What’s your favorite thing to do on nights off? It’s been awhile since I have had a night off. When I do have free time, there’s a coffee in my hand, school supplies in my bag, my [phone] in my other hand, and a volleyball teammate by my side. I try to fit enjoyable things into my schedule without taking away from my original agenda - like walking my most favorite route home. I have found it unsettling to take a night off because of my schedule and commitments.

Study Abroad In Paris
Notre Dame. 
What is the most invaluable lesson you’ve learned since living in Paris? I am learning countless lessons here... none have really been “completed” lessons. So I guess something I may share is that learning is a process, and my time in Paris still has purpose until I graduate. I suppose that the most important lesson in progress is that I am better able to interpret what is worth my time and to reinforce that only the things I care about are worth fighting for. Why make myself suffer for things [that] aren’t worth the trouble? When I was close to transferring back home, my sister reminded me that what I am doing is an investment in my future, and that [as] long as I make the lessons and investments here worth the inconveniences, [my] time is not wasted. 

Music helps me a lot. I remember a quote from K’Naan’s song, if I may. He said that "God never gives you burdens you can’t handle." I don’t practice any religion, and I don’t pay mind to karma and superstitions or anything of the like. I don’t know what other factors affect my life in this sense, but I try to do my best to create my own circumstances, and this also means knowing that any turbulences are of my own creation. So when I don’t feel very optimistic I remind myself of why I am here and ask myself if it is worth it. Another saying that I heard from T.I. is also a friendly reminder. He said that when things are bad, things are never as bad as they seem. And this is tried and true for previous circumstances for me, so when the occasion calls for it, he pops up in my head. Kind of sentimental, but it’s always the small things that pick me up. I don’t splurge on shopping or go on long vacations to pick me up - a coffee and beats often do the trick!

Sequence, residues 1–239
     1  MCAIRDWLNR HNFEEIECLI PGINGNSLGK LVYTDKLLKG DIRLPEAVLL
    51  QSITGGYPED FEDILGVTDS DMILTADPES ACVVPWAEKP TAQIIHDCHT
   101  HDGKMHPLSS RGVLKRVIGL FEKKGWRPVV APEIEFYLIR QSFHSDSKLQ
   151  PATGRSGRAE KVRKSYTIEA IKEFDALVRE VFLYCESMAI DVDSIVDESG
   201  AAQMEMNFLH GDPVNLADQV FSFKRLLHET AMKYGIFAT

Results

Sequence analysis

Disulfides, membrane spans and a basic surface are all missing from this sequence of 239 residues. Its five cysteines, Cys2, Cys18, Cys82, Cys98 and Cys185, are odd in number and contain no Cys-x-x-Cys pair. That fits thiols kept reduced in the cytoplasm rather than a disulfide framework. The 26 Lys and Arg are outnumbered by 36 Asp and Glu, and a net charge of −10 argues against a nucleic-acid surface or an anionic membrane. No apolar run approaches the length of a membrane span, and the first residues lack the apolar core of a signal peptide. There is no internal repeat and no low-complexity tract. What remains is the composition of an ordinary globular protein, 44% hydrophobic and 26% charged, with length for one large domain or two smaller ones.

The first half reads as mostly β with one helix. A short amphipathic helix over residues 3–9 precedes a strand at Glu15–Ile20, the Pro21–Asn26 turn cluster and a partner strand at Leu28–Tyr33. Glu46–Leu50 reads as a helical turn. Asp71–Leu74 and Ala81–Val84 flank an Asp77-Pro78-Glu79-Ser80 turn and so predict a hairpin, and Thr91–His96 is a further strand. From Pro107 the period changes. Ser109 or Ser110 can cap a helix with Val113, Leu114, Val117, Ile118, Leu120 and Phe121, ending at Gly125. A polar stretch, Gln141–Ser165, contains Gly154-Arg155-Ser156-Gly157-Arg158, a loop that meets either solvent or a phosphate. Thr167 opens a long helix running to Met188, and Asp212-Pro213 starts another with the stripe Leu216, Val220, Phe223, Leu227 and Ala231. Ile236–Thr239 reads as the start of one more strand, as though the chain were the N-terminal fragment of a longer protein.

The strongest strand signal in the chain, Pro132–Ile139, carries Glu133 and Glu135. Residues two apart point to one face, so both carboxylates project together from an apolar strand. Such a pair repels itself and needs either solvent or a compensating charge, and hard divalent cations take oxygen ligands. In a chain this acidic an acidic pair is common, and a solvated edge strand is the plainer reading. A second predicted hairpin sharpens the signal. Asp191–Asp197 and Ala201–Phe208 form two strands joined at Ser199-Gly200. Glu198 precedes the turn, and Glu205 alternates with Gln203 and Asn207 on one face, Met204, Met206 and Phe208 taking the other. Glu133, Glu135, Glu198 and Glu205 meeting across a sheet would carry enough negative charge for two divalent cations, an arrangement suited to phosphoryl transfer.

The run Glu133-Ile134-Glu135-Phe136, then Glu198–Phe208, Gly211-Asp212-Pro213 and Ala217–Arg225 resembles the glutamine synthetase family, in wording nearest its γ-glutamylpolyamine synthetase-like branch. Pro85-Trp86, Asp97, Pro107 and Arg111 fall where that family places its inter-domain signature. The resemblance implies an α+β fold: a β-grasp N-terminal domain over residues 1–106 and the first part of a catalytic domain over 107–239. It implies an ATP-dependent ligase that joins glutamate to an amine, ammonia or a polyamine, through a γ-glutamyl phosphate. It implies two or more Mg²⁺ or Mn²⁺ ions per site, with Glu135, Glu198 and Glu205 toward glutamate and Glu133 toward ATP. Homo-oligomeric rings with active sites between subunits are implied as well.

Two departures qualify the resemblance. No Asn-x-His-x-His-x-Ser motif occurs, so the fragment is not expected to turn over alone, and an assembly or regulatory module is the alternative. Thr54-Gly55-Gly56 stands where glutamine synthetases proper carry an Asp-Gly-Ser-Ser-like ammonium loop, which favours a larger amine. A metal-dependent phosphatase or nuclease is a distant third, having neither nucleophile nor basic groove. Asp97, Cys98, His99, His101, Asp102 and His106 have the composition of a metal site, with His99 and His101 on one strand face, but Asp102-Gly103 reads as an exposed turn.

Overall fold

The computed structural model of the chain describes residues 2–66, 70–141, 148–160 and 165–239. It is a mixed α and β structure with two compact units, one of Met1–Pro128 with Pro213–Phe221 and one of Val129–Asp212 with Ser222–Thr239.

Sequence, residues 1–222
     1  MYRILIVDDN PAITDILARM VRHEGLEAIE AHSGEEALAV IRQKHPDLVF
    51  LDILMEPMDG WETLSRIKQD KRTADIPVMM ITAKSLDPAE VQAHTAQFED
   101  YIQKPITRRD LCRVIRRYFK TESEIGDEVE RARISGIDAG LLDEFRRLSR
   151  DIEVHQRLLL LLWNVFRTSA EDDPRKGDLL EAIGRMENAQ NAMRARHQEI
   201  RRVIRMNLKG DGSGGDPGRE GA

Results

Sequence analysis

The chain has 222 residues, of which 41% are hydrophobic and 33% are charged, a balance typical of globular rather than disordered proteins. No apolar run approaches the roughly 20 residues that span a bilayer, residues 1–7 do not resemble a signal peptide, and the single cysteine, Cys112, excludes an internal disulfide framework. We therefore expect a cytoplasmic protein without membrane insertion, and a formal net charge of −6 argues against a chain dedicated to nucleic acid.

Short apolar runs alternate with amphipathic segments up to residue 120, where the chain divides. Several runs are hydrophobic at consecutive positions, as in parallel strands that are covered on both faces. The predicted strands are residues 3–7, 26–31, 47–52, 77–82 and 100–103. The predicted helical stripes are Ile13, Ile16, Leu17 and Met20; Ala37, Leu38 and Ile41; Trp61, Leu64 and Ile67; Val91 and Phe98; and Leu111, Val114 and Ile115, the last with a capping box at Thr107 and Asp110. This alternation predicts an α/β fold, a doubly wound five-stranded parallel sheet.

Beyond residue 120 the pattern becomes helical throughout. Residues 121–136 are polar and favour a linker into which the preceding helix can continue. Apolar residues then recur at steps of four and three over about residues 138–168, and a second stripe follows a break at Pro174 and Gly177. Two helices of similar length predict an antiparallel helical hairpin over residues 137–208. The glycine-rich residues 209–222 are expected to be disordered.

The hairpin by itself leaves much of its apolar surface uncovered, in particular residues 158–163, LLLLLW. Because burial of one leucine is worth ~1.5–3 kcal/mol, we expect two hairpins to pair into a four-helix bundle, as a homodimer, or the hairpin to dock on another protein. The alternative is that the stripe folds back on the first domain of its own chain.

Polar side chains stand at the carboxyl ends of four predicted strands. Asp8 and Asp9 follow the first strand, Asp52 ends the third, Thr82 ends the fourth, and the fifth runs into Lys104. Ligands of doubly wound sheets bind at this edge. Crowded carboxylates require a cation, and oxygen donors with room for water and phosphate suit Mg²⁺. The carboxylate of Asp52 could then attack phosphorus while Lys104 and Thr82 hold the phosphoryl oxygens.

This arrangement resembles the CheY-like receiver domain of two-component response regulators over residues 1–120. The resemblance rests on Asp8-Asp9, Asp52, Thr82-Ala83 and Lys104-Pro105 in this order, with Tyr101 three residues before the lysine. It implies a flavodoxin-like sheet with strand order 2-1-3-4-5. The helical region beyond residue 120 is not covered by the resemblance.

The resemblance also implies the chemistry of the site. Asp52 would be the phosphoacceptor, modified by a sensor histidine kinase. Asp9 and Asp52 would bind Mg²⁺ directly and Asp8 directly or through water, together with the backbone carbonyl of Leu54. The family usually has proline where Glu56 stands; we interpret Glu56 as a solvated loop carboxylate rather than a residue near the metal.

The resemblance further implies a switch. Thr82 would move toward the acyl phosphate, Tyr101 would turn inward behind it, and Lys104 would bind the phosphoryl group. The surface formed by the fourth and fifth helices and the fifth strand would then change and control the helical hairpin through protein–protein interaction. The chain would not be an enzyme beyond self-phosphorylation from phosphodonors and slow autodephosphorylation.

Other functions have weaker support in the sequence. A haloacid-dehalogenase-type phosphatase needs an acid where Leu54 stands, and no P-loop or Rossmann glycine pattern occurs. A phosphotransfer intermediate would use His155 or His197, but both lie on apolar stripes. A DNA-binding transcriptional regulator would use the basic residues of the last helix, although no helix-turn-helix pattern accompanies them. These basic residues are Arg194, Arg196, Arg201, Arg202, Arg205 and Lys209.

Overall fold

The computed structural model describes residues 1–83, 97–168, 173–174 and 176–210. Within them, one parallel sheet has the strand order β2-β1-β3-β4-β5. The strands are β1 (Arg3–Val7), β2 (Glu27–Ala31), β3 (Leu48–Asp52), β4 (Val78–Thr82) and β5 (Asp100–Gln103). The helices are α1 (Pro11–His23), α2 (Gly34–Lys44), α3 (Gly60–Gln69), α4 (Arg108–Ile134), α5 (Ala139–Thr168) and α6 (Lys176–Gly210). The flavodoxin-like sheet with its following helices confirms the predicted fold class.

Study Abroad In Paris
At the end of the Champ Elysees. What Le calls the "ferris wheel round-about" 
What is the cost of living like in Paris? If one does not cook at home then one should expect to spend at least 10 euros a day [Editor’s Note: 10 = $13.08]. 10 euros if one buys really basic things at the cheapest of grocery stores. During really stressful periods at school, I spend about 20 euros a day because I don’t cook at home. Rent can be anywhere from 300 euros or more and the living space can be quite scandalous compared to what [I] know in Georgia. Rooms that are about 8 sq. meters can be 350 euros!  

The French have a reputation for being rude. I have a feeling this is untrue. Has this myth been dispelled for you? What is the most memorable act of kindness you’ve experienced? Rudeness is an action that humans have and it has not really been the case that the French are rude, but more often that I encounter rude people every now and then. I recently sprained my ankle and was on crutches for about 4.5 weeks. Paris is not very handicap-friendly but I encountered a kindness that seems instinctive to humans when they see another person in need of a little help. And I have sprained my ankle in three countries and this was the case in all of them! Hahaha

Study Abroad In Paris
The view from Le's apartment, or chambre de bonne.